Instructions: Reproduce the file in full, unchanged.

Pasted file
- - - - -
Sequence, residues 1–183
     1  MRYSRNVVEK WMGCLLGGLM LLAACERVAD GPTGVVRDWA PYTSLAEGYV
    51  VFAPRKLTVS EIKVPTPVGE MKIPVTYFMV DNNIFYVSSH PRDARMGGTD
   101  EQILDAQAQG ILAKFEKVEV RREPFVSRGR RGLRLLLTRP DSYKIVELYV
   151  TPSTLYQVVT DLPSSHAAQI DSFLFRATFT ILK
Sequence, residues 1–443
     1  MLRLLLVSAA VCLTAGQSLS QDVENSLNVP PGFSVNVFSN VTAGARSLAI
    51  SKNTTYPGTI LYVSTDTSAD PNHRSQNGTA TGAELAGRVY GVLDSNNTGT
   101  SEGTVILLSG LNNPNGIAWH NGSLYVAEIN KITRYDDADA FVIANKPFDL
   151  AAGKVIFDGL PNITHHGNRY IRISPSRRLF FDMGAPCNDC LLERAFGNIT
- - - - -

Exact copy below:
Sequence, residues 1–183
     1  MRYSRNVVEK WMGCLLGGLM LLAACERVAD GPTGVVRDWA PYTSLAEGYV
    51  VFAPRKLTVS EIKVPTPVGE MKIPVTYFMV DNNIFYVSSH PRDARMGGTD
   101  EQILDAQAQG ILAKFEKVEV RREPFVSRGR RGLRLLLTRP DSYKIVELYV
   151  TPSTLYQVVT DLPSSHAAQI DSFLFRATFT ILK
Sequence, residues 1–443
     1  MLRLLLVSAA VCLTAGQSLS QDVENSLNVP PGFSVNVFSN VTAGARSLAI
    51  SKNTTYPGTI LYVSTDTSAD PNHRSQNGTA TGAELAGRVY GVLDSNNTGT
   101  SEGTVILLSG LNNPNGIAWH NGSLYVAEIN KITRYDDADA FVIANKPFDL
   151  AAGKVIFDGL PNITHHGNRY IRISPSRRLF FDMGAPCNDC LLERAFGNIT